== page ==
Right now, if we give them -- amnesty is not the answer. Right now, to have them all go back home is literally impossible today.

So it is incumbent upon us in the Senate to compromise in a way that is fair, that is equitable, that recognizes this 12 million is not one monolithic uniform group.

BLITZER: So do you believe -- and you're the leader of the Republicans in Senate -- do you believe there will be legislation, work done in the Senate and then a compromise worked out with the House, that will allow immigration reform to go forward, a piece of legislation the president will be able to sign into law?

FRIST: Wolf, I do. And it will be comprehensive in the sense that it will address each of the components I mentioned, strong border security, interior enforcement...

How long will that take? When do you think that will happen?

Well, I believe that the United States Senate, and I laid this out in October, that we would address comprehensive reform starting with strong border security up front, that we would finish it over this two-week period.

So I hope, by Friday, that we will have a bill on the floor that is comprehensive that addresses the issues we've been talking about.

BLITZER: And then you'll try to work out in the joint House/Senate Conference Committee because the House version is dramatically different than the Senate version.

FRIST: It is. And I'm very hopeful -- and one of the reasons I've driven it as leader, this whole issue is because there are three million people every year coming across our borders illegally, three million.

We don't know who they are; we don't know what their intentions are. And it's growing. That problem is growing at a rate of 25 percent a year. So yes, it is incumbent. We absolutely must address it.

And the only way to effectively address it is looking at all three of those legs of the stool. Anything short of that is simply not going to work. We saw that in 1996.

BLITZER: Time Magazine columnist Joe Klein has a very devastating piece about you that's in the new issue -- just came out.

Let me read a paragraph from there: "Frist will leave the Senate at the end of the year and start his presidential campaign. Quote, 'He'll disappear,' said a Republican consultant. 'He's not built for heavy weather. He's just not an instinctive politician. And when you're a light candidate, every maneuver seems naked and tactical. With Frist, it's been college Republican sort of stuff.'"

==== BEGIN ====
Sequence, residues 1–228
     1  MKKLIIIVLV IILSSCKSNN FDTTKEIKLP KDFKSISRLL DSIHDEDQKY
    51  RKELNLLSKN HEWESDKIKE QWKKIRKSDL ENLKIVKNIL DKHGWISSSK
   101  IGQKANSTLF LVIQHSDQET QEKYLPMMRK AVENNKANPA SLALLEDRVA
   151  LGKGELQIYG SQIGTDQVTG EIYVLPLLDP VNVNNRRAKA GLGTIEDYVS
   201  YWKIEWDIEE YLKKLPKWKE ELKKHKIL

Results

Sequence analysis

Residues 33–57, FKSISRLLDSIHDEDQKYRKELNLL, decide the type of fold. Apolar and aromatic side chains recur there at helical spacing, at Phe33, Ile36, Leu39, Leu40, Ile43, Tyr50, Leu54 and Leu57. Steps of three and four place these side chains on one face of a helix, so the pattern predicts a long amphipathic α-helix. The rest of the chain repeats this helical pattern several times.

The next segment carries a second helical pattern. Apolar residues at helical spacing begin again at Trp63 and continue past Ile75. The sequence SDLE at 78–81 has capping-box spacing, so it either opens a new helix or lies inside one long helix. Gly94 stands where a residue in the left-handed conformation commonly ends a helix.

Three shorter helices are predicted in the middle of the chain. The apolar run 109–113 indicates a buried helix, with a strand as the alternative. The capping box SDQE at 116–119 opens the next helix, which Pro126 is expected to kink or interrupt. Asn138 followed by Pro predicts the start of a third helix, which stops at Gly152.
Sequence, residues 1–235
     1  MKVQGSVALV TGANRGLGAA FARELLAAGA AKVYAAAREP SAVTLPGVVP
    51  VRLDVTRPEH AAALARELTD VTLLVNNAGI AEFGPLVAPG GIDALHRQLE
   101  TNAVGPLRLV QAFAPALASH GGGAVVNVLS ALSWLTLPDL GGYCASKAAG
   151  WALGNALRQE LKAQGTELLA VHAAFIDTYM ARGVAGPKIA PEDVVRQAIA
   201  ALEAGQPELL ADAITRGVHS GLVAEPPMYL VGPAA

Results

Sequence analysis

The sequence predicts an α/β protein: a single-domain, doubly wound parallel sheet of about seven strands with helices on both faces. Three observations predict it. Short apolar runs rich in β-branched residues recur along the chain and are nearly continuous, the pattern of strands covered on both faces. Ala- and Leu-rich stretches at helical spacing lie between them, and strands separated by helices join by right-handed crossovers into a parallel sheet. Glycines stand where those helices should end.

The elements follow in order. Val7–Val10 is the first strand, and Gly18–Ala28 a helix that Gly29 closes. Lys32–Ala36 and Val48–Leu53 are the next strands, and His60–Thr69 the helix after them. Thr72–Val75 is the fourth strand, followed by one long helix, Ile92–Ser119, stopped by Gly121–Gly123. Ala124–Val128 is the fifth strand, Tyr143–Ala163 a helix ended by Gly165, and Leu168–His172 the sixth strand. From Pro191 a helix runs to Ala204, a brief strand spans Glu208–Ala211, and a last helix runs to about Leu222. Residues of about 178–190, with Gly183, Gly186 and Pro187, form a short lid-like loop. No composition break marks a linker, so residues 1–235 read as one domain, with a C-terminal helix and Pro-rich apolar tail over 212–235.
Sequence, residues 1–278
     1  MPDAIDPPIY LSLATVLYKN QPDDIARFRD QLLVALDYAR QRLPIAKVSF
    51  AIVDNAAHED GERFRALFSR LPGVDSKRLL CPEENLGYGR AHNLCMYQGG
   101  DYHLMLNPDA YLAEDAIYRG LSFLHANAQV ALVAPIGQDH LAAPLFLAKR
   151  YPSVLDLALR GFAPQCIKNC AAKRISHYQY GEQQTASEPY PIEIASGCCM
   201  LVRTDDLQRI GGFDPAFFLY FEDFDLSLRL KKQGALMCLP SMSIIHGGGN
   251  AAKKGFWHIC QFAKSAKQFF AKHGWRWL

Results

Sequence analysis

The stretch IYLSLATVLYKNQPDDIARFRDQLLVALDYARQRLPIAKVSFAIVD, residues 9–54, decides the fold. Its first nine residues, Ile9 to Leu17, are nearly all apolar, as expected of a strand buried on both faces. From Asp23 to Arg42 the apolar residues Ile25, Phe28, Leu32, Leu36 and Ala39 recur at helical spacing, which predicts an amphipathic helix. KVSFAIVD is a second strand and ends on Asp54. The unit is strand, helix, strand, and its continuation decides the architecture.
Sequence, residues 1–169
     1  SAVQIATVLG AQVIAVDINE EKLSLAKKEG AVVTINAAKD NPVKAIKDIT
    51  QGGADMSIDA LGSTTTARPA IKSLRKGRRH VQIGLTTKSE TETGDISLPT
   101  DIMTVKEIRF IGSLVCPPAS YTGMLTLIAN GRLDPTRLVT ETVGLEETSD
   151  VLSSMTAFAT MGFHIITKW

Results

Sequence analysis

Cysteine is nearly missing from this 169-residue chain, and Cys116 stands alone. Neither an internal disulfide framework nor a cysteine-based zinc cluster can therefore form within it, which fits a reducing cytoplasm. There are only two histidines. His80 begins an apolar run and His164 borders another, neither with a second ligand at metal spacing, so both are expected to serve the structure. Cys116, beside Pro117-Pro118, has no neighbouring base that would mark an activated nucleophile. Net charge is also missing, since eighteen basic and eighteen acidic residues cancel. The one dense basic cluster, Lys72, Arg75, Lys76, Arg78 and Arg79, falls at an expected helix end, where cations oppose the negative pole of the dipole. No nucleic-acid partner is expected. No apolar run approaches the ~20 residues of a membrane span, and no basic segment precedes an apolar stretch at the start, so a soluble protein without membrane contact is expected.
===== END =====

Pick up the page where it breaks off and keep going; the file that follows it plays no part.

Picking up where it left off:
Those are tough words. I don't know who this unnamed Republican consultant is -- clearly someone who doesn't like you.


FRIST: No, no. Listen, I think all the political pundit are going to be trying to frame everything that's done over the next eight months in 2008 -- the framework.

I came here as a citizen legislator, 20 years in the healing profession of medicine, 12 years as a United States senator.

My commitment and my focus is on governing, trying to move this country to a stronger, more prosperous, a healthier nation.

And that's where I'm going to stay focused. And that's why we take on the tough issues like immigration, a real problem out there that America cares about, that Washington in many ways says, let's don't focus on it at all; let's move on.

But that's why, as a leader, I'm bringing it to the floor to address it. It will make us safer; it will make us healthier; it will make us more secure.

BLITZER: You want to run for president?

FRIST: I don't know. I'll decide when I get back home to Nashville, to live in the home that I grew up in in 2007. My focus, 100 percent, right now, is on help leading this country and this Senate in a way that makes us more prosperous and healthier and safer.

BLITZER: What's the status of that stock investigation, your company, your family company. Where does that stand right now? Because it seems to be a shadow that's following you.

FRIST: Well, I don't know. It's an inquiry that I participated in and given all the information itself. I'm very confident of the outcome. I acted properly at every step along the way.

BLITZER: And where does it stand? Has anyone from the SEC or any federal investigators asked you to do things you don't want to do?


Not at all. And you know, all the information has been provided. I acted properly every step along the way. So I'm confident in the outcome.

That's why I think that all the focus us on the sort of issues that are important to this country, securing America's borders, making this country safer and making a healthier and a more productive country.

And that's where my focus is and that's where the focus should be.

BLITZER: Senator Frist, it was kind of you to come into our studio. Thanks for joining us on "Late Edition."

FRIST: Great to be with you, Wolf.

BLITZER: Thank you very much, the Senate Majority Leader Bill Frist.

And coming up next:


ALI ASGHAR SOLTANIEH, IRAN'S AMBASSADOR TO THE IAEA: The Iranian nation will be threatened and any harm will come to the Iranian nation, then we will defend it to the last moment.